Politics

Newsom slam DeSantis over Don’t Say Gay, compares it to infamous, failed Briggs Initiative

Newsom slam DeSantis over Don’t Say Gay, compares it to infamous, failed Briggs Initiative

California Gov. Gavin Newsom (D) took the opportunity at an awards ceremony Wednesday to slam his anti-LGBTQ Florida counterpart Ron DeSantis (R) in their continuing stealth bids for president in 2024.

Newsom was in Washington, D.C. accepting the 2022 Frank Newman Award for State Innovation from the Education Commission of the States.

The governor compared Florida’s Parental Rights in Education law – also known as the Don’t Say Gay law – to California’s failed Briggs Initiative in 1978, which would have banned LGBTQ teachers from public school classrooms.

“Teachers were under assault, because, God forbid, teachers were homosexual,” Newsom recounted.

The so-called Briggs Initiative, a statewide ballot referendum sponsored by conservative Orange County state Sen. John Briggs (R), provided that public school teachers and staff be fired if an employee was found to have engaged in either “public homosexual activity” or “public homosexual conduct,” defined as “the advocating, soliciting, imposing, encouraging or promoting of private or public homosexual activity directed at, or likely to come to the attention of, schoolchildren and/or other employees.”

“Somehow, people were presupposing they were ‘grooming’ our kids. That was in the 1970s,” Newsom said.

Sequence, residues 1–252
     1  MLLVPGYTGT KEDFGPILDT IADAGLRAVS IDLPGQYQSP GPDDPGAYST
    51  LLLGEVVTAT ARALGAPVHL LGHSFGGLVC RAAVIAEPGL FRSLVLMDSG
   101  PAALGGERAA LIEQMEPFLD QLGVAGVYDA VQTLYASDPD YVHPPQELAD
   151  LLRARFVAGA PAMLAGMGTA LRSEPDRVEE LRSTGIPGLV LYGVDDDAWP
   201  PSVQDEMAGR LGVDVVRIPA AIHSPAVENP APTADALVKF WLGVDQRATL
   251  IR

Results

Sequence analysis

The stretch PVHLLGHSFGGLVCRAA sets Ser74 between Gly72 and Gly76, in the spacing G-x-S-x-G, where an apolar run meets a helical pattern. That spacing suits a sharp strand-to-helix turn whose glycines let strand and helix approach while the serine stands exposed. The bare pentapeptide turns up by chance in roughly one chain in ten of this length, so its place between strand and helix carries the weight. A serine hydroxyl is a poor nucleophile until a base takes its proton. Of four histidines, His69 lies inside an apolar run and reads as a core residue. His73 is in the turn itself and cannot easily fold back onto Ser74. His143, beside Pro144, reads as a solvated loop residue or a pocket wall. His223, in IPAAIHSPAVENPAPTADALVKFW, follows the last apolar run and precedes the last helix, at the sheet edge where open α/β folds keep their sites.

Gov. Ron DeSantis signing the Don't Say Gay bill
Gov. Ron DeSantis signing the Don’t Say Gay bill Screenshot/Facebook

Calling out DeSantis spokesperson Christina Pushaw, Newsom said, “Press secretary for the governor of one of our largest states” referred to those who oppose the Don’t Say Gay law “in Florida as ‘groomers.’ I think she was promoted, not fired.”

“Ronald Reagan himself in 1978 wrote an op-ed saying something that needs to be said today,” Newsom continued. “‘You can’t get gay,’ he said. He used the word homosexual. ‘You can’t catch gay like you can the measles.'”

“I don’t want to sugarcoat it,” Newsom warned. “Education is under assault in the United States of America. And we have an obligation, a moral and ethical obligation, to call out what is going on as it relates to the suppression of free speech.”

“We’re going to share the future whether we like it or not. But we can’t ‘other’ our differences. We can’t create false separateness that doesn’t exist. And we have to call out those who have a zest for demonization.”

“Forgive me in advance,” Newsom said as he accepted the award on stage. “You brought up a politician.”

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